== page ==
The sound of the door closing brought me out of the world of numbers I had entrenched myself in. Not the sound itself, but the particular tone. When your life slips into a steady rhythm and the harmonies blend perfectly, it is easy to notice a single missed note. Although the door did not have the force of a slam, something about its dull note seemed off.
I slid my chair away from my desk and got my head through my office door just in time to see the bottom of my son’s feet disappearing up the stairs.
A familiar, “Yeah?” came floating down from somewhere above. Again, something seemed off. A note slightly off key. I couldn’t say which one, only that I heard something that shouldn’t have been.
The words hit me like a sucker punch. My hands found my knees as I struggled for air that had come so easily just a moment before.
Thirty-four young girls stood lined up against a bus with black letters that had faded into blurred lines. A few stared at their worn shoes. I was thankful for that because I could not bear one more set of eyes on me. The rest watched me with desperation and guilt, wanting so badly to be chosen, but knowing what that would mean for the ones who were not. My soul seemed to collapse under weight of the choices before me.
I turned to the Mr. Diacov who stared at me in an effort to avoid the silent pleas from the girls. Black buttons struggled to hold his grey suit together around the bulge of his stomach. The dark circles under his green eyes nearly matched his coal-black shaggy hair and the stubble that covered his chin.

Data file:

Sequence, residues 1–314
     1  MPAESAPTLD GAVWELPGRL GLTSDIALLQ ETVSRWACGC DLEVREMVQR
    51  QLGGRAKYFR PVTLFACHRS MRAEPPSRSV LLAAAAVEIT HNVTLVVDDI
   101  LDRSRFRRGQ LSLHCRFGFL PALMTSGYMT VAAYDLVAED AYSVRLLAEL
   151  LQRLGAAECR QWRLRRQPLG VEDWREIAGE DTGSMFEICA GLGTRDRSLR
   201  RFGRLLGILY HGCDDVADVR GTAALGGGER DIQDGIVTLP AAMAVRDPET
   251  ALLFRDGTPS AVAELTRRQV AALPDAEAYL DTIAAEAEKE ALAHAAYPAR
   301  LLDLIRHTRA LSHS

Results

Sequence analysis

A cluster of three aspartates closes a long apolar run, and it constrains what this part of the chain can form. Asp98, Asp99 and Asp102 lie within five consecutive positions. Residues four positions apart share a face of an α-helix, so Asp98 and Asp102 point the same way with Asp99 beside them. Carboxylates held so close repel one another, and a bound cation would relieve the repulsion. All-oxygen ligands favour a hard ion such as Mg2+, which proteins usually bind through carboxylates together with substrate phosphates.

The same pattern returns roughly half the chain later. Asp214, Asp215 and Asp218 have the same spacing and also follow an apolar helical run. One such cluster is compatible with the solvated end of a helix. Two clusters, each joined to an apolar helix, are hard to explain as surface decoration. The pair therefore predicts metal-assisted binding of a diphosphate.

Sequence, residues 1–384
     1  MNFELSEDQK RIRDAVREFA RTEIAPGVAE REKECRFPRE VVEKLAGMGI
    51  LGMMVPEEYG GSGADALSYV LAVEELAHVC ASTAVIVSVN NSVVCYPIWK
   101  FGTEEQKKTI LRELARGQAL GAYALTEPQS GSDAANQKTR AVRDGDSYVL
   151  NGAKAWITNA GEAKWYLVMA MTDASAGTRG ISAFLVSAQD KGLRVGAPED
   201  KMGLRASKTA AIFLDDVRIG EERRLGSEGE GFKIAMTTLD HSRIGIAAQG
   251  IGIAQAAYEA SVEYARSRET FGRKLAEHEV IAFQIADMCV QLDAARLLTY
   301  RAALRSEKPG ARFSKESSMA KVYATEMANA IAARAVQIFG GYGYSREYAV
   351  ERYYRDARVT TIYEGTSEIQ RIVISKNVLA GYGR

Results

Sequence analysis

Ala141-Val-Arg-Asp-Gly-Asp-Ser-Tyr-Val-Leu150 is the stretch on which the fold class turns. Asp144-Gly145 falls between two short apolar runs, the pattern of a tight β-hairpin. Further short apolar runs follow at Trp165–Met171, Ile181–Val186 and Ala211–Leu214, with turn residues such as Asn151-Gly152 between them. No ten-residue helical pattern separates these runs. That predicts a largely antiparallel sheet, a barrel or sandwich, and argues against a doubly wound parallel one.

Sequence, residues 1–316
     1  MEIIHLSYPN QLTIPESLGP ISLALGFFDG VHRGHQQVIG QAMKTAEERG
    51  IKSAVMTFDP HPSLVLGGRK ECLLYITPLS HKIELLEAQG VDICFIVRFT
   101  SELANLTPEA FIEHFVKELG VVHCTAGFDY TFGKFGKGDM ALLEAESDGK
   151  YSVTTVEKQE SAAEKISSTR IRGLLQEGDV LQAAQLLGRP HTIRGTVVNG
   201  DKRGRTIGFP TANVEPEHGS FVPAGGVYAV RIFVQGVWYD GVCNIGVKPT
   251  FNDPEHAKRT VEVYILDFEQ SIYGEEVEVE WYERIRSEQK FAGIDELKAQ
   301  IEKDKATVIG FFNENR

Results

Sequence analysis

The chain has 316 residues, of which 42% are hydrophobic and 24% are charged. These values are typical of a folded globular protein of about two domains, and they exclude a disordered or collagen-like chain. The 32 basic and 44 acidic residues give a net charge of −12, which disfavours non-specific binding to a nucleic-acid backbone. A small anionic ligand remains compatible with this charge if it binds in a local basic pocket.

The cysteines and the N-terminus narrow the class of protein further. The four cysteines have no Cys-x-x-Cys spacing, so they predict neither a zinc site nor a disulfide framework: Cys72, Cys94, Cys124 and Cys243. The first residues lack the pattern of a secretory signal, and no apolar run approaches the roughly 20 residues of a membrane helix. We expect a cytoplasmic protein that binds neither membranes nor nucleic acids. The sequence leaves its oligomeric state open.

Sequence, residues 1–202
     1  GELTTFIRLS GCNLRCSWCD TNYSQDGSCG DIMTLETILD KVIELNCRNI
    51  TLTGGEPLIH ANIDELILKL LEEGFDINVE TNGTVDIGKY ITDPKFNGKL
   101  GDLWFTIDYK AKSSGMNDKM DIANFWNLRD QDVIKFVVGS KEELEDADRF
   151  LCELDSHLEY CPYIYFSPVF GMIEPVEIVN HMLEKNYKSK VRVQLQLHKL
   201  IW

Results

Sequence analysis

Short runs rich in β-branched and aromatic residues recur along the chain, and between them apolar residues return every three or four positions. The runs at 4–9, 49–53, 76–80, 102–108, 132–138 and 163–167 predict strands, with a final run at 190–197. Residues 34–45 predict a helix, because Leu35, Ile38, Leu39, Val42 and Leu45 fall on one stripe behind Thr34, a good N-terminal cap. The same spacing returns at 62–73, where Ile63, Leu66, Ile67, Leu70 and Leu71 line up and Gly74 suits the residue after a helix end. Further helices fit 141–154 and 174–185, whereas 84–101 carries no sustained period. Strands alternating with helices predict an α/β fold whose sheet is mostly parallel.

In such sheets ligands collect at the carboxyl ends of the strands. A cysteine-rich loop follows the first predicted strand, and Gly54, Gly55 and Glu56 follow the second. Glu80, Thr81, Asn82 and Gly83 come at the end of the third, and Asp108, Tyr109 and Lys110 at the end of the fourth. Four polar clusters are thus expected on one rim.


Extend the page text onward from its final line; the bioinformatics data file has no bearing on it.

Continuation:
“Please.” I begged. “There must be something we can do. The home can hold more than…” (more…)
When you’re in a fight with a vampire, you don’t have a lot of advantages. My vampire had this I’m-invincible-so-I-can-toy-with-you-for-a-bit-before-killing-you thing going. It wasn’t much, but in the end it was enough.
Halloween has never been my favorite holiday. I didn’t want to be stuck at home alone, but had nowhere else to go. So while little monsters and princesses where getting their fill of candy and slutty nurses were throwing back shots, I was still at my desk working on TPS reports.
The sound of lips smacking in the silence of the office rang out like a clap of lightning. I looked up to see a man in a slate grey suit sitting on the edge of Harold’s desk. His black silk shirt lay unbuttoned at the top revealing skin as smooth and pale as milk. Wavy black hair fell perfectly in place, nearly to his shoulders. The way his dark eyes stared at me immediately gave me chills.
They slid into their booth with goofy smiles, careful to avoid further tearing the rips in the red pleather seats. Rudy’s Cafe had been their favorite little food joint since college. It was the highlight of a random road trip James and Alex had gone on and the two friends made the hour-long trip back once or twice a year ever since.
James picked up the laminated menu and began searching for what made his stomach growl the loudest. Alex already knew what he wanted so he scanned the rundown cafe to see if anything had changed since their last visit.